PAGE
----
+0

+1
54
6
+980

4√a6b3/ c2

ManuelBautista2019  Feb 26, 2018
edited by ManuelBautista2019  Feb 26, 2018
Sort:

#1
+12143
+1

$$\sqrt[4]{a^6}$$  b^3 / c^2

= (a^6)^1/4  b^3 /c^2

= a^6/4  b^3 c^-2

= a^3/2  b^3 c^-2

or

$$\sqrt[4]{a^6b^3}$$  /  c^2

=  (a^6)^1/4   (b^3)^1/4   c^-2

= a^3/2    b^3/4  c^-2

ElectricPavlov  Feb 26, 2018
#2
+980
+1

Thanks but the radical sign extends to the c2 too

ManuelBautista2019  Feb 26, 2018
edited by ManuelBautista2019  Feb 26, 2018
#6
+12143
0

OK..... How is anyone supposed to KNOW that MB???   I tried TWO possible ways.....but not the third. Please post your equations more clearly so you can get the correct answers in return   Cool?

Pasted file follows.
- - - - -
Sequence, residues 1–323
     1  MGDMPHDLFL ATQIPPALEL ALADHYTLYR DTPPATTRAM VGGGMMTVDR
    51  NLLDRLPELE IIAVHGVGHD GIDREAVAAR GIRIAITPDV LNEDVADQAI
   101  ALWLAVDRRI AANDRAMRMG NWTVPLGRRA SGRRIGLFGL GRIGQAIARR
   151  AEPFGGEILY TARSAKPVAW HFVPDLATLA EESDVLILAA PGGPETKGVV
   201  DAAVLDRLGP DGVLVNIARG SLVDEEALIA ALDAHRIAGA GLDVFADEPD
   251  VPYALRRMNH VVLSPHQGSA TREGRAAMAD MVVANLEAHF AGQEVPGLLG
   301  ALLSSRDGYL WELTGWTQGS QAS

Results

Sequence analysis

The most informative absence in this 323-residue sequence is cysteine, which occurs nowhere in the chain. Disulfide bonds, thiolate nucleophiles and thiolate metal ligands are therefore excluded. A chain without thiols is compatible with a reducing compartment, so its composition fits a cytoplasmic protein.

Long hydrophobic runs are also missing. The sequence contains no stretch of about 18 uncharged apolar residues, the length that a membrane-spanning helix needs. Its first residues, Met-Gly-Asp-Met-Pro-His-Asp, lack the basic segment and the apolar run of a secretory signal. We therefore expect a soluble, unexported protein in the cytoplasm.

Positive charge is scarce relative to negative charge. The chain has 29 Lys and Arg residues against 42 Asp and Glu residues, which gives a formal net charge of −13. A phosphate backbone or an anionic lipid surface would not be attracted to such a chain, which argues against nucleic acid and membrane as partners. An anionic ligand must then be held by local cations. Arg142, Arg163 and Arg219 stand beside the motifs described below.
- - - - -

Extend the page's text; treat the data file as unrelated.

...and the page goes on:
Use parentheses or extend the radical to cover things which are supposed to be covered!

ElectricPavlov  Feb 26, 2018
#3
+84389
+2

We can write :

a^(6/4) * b^(3/4)  / c^(2/4)  =

a^(3/2) * b^(3/4) / c^(1/2)      multiply top/bottom by c^(1/2)

a^(3/2)*b^(3/4) *c^(1/2)  / c

Note, Manuel, we could also write this as

a^(3/2) * b^(3/4) * c^(-1/2)

CPhill  Feb 26, 2018

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